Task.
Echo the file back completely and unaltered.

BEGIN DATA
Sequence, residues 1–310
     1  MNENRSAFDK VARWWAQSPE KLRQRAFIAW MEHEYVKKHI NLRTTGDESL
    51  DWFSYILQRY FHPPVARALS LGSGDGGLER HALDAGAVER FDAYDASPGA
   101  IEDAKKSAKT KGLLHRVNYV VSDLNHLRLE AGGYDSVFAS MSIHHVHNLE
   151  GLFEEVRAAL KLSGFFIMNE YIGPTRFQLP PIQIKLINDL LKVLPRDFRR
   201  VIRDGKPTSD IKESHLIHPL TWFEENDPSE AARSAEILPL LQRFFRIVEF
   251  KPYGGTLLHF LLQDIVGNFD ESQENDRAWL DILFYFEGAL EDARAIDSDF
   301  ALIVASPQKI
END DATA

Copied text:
Sequence, residues 1–310
     1  MNENRSAFDK VARWWAQSPE KLRQRAFIAW MEHEYVKKHI NLRTTGDESL
    51  DWFSYILQRY FHPPVARALS LGSGDGGLER HALDAGAVER FDAYDASPGA
   101  IEDAKKSAKT KGLLHRVNYV VSDLNHLRLE AGGYDSVFAS MSIHHVHNLE
   151  GLFEEVRAAL KLSGFFIMNE YIGPTRFQLP PIQIKLINDL LKVLPRDFRR
   201  VIRDGKPTSD IKESHLIHPL TWFEENDPSE AARSAEILPL LQRFFRIVEF
   251  KPYGGTLLHF LLQDIVGNFD ESQENDRAWL DILFYFEGAL EDARAIDSDF
   301  ALIVASPQKI